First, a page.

There is no way of predicting how Mark Mangino’s offensive brilliance will transform the Iowa State offense this season.
The true reveal will come Saturday when the offensive guru calls plays from the Jack Trice Stadium box for the first time since his arrival. The rest of the Iowa State offense — ranging from who might get touches to who will be the focal point — has widely been ‘wait and see.’
“We have some depth, we have some speed, we have some talent,” coach Paul Rhoads said. “A good problem to have is figuring out where to put all of those guys.”
Last season the Cyclones had seven players with 30 or more rushing attempts and three primary ball carries — Aaron Wimberly (141), Sam Richardson (101) and Shontrelle Johnson (90). In all, 14 players had receptions, eight with 11 or more.
Who will get touches and how many they will get remains a mystery as Saturday fast approaches. True freshman Allen Lazard? “Haven’t put a number total on that,” is the answer from Rhoads. How about No. 2 running back DeVondrick Nealy?
“Ball distribution will vary based on opponent and defense and what they’re trying to take away and so-forth,” Rhoads said. “We’re going to distribute the ball. We’re going to be smart with how we distribute it. Some games it might look like that’s the go-to guy and other games you might say, ‘Oh, gosh, he disappeared.’ I don’t think that’s anything to get alarmed about if the other weapons where we’re distributing to are being productive.”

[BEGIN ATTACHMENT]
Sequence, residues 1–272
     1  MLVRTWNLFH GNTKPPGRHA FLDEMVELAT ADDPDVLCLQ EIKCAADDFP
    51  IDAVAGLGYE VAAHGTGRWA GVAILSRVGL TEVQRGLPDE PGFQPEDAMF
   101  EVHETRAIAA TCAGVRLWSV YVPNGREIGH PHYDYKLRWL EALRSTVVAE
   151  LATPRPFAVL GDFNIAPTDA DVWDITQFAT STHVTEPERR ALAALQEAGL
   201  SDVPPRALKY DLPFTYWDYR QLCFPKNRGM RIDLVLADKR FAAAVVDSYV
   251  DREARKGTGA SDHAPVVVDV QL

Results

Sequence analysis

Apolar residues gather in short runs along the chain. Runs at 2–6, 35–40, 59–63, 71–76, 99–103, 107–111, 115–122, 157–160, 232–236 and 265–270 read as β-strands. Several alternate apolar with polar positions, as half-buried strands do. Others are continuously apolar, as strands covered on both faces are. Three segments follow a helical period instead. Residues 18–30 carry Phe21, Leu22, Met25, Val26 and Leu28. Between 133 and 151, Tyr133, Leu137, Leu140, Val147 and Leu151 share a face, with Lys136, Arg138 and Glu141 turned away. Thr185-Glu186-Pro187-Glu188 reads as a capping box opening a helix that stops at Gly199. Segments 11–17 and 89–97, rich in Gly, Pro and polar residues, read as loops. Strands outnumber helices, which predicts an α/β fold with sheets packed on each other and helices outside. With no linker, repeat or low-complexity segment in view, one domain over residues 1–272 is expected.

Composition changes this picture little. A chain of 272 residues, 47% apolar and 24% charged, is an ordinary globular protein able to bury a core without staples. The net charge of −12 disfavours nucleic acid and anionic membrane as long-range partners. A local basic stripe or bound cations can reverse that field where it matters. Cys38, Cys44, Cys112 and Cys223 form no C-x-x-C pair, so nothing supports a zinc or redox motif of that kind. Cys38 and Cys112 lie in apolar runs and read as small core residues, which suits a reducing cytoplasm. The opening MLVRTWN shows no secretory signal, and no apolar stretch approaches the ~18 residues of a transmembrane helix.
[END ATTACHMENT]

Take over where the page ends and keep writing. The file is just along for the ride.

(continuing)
The answer, then, will vary game-by-game.
Quenton Bundrage and E.J. Bibbs figure to lead the way in the offense. Bundrage (48) and Bibbs (39) led the way last season and will be primary targets for Richardson come Saturday. There is also Lazard, Jarvis West, Dondre Daley, D’Vario Montgomery and the list goes on.
In the backfield Wimberly and Richardson will likely have comparable workloads to last season while Nealy will up his 41 carries from a season ago to the level of Johnson (90) or quite possibly beyond.
“We don’t put a game plan in and say, ‘We’ve got to get this guy the ball 15-20 times.’ That’s just not how we operate,” Mangino said. “We have a game plan that includes 11 players doing their job and we’ll see how it plays out.”
When Mangino led Kansas to the Orange Bowl in 2007, his top three carriers had 190, 147 and 92 carries with the latter being quarterback Todd Reesing. Seven different receivers had at least 20 receptions compared to four last season for the Cyclones.
How much scripting Mangino does from the onset of the game will vary, too.
“Our offense is such that the things that we’ll be running Saturday are the things that we’ve been working on through spring and training camp,” Mangino said. “We don’t do an overhaul each week. Our game plan is basically what we do and what our kids are good at and how it matches up against the team we’re playing.”
What is that game plan?
“Stay tuned for Saturday right there,” offensive line coach Brandon Blaney said.